- Hardcover: 274 pages
- Publisher: Jossey-Bass; 1st edition (September 21, 2007)
- Language: English
- ISBN-10: 0787988618
- ISBN-13: 978-0787988616
- Product Dimensions: 6.3 x 1.4 x 9 inches
- Shipping Weight: 1 pounds (View shipping rates and policies)
- Average Customer Review: 74 customer reviews
- Amazon Best Sellers Rank: #136,855 in Books (See Top 100 in Books)
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Peak: How Great Companies Get Their Mojo from Maslow Hardcover – September 21, 2007
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From Publishers Weekly
Despite using the word mojo in the subtitle and citing inspiration he received from 1960s counterculture icon Timothy Leary, this guide to better management isn't for hippies. Yes, Conley started the California boutique hotel chain Joie de Vivre Hospitality with the Phoenix Hotel, once a haven for faded rock stars. And yes, he quotes liberally from rebel CEOs who surf. But Conley's book is packed with thoughtful, instructional stories and advice for entrepreneurs as well as Fortune 500 managers, gleaned from his own experience as well as other business books. At the center of this confessional how-to is psychologist Abraham Maslow's hierarchy of needs, a pyramid that ranks human needs from base to self-actualizing. Used as the basis for employee, customer and stakeholder satisfaction, Conley contends, it can transform a business and its people. Though Stephen Covey and Peter Drucker have looked to Maslow before, Conley describes how using the pyramid saved his company from bankruptcy when the dot-com bubble burst. Conley is most successful when he expresses his ideas in numbered lists rather than the wordy passages that slow down the beginning. On the whole, though, his advice is inspiring and accessible. (Sept.)
Copyright © Reed Business Information, a division of Reed Elsevier Inc. All rights reserved.
When Hotelier Conley was profiled by USA Today as one of its People to watch in 2001, he seemingly could do no wrong. His company, Joie de Vivre Hospitality, which operates a chain of boutique hotels in the San Francisco Bay area, was riding high on the dot-com boom. But then the bubble burst, followed by 9/11 and an industry-wide crisis that hit his upscale business hard. As his world crumbled around him, Conley turned to the writings of psychologist Abraham Moslow for inspiration. In contrast to the darker premises behind Freud's psychoanalysis and B. F. Skinner's behaviorism, Maslow took a more positive approach, seeking to study the best and brightest that human nature has to offer, encouraging an environment of self-actualization that encourages peak experiences. Conley understood that personal transformation and corporate transformation are not all that different, and this story shows not only how Maslow's ideas brought about a resurrection in Conley's business but also how similar mind-sets continue to create growth and a positive work environment at companies such as Google, Netflix, Harley-Davidson, and Apple. Siegfried, David
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Also, as someone who is interested in the hospitality business I found some of the specifics he discussed around Joie de Vivre to be helpful.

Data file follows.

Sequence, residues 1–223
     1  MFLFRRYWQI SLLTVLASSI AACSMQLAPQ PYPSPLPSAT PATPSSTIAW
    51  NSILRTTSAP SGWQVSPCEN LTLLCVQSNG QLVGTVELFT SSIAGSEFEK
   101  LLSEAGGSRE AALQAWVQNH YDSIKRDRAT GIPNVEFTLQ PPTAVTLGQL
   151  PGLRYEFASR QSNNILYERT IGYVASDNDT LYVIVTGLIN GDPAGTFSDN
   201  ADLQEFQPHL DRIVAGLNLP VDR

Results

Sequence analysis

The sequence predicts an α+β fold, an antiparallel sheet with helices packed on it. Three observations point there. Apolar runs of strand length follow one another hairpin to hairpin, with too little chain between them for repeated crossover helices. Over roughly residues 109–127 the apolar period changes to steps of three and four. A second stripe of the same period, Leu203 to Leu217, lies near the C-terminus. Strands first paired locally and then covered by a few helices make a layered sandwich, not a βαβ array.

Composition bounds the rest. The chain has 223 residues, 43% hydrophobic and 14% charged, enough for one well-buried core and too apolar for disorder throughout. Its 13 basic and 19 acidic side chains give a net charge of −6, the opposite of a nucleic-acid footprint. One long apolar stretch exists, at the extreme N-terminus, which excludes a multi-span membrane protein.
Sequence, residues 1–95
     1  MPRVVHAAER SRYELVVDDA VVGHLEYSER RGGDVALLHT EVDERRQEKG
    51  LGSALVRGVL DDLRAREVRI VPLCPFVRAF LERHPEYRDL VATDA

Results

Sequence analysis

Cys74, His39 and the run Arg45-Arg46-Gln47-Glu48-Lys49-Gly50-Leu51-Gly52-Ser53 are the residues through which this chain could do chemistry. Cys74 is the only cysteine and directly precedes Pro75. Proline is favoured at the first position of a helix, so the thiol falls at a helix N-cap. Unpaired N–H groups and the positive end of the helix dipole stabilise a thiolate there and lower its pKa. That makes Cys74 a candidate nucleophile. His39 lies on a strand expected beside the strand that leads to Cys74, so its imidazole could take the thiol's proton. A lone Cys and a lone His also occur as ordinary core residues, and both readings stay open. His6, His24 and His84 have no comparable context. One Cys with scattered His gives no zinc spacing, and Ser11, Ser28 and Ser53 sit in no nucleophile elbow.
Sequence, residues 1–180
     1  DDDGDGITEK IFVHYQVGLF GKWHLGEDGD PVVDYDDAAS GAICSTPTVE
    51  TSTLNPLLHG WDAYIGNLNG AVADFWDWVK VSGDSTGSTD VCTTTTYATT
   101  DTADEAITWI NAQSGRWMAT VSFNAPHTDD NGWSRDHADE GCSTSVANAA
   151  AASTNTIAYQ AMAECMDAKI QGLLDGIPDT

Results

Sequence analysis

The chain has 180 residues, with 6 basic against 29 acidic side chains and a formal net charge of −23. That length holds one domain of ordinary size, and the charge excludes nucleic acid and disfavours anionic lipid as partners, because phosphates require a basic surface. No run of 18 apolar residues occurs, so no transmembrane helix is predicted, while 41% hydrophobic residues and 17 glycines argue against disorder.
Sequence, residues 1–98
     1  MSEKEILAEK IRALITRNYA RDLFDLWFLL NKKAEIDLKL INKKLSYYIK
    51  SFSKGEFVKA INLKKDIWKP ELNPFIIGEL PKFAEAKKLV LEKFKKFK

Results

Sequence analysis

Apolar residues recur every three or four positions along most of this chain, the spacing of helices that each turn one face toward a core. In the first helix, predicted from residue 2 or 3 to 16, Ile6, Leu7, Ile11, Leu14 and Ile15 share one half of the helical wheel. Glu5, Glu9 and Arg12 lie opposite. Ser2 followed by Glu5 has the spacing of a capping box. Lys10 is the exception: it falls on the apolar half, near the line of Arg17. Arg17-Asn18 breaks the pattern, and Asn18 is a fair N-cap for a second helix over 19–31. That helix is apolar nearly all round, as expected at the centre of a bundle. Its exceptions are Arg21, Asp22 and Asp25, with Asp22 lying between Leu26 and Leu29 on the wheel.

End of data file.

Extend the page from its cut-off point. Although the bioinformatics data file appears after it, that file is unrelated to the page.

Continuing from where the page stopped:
(*** Please note: I have read many fantastic articles by Hsieh, and find it illuminating to watch him speak. I just didn't think his book added depth to the ideas discussed in his shorter form articles/interviews***)
1- "This book is about the miracle of human potential: employees living up to their full potential in the workplace, customers feeling the potential bliss associated with having their unrecognized needs met, and investors feeling fulfilled by seeing the potential of their capital leveraged."
2- "Maslow's message struck a chord with many business leaders. In essence, he said that with humans, there's a qualitative difference between not being sick and feeling healthy or truly alive. This idea could be applied to companies, most of which fall into the middle ground of not sick but not truly alive. Based on his Hierarchy of Needs, the solution for a company that wants to ascend up the healthy pyramid is not just to diminish the negative or to get too preoccupied with basic needs but instead to focus on aspirational needs. This idea is rather blasphemous for some. The tendency in psychology and in business has always been to focus on the deficits. Psychologists and business consultants look for what's broken and try to fix it. Yet, "fixing it" doesn't necessarily offer the opportunity for transformation to a more optimal state of being or productivity."
3- "1. Every company is organized based on a certain premise of human nature. 2. Most companies aren't very conscious of this fact and operate based on an outdated or short-term perspective, even though sustainable results might be better served by a different business approach. 3. Companies have a habitual "tendency toward the tangible," which means that financial results usually get more attention than relationship issues. 4. More and more business scholars and consultants are making the intangible of relationships and the human spirit more tangible, and many successful companies are leading the way with respect to how they reorganize themselves to pursue both profits and happiness."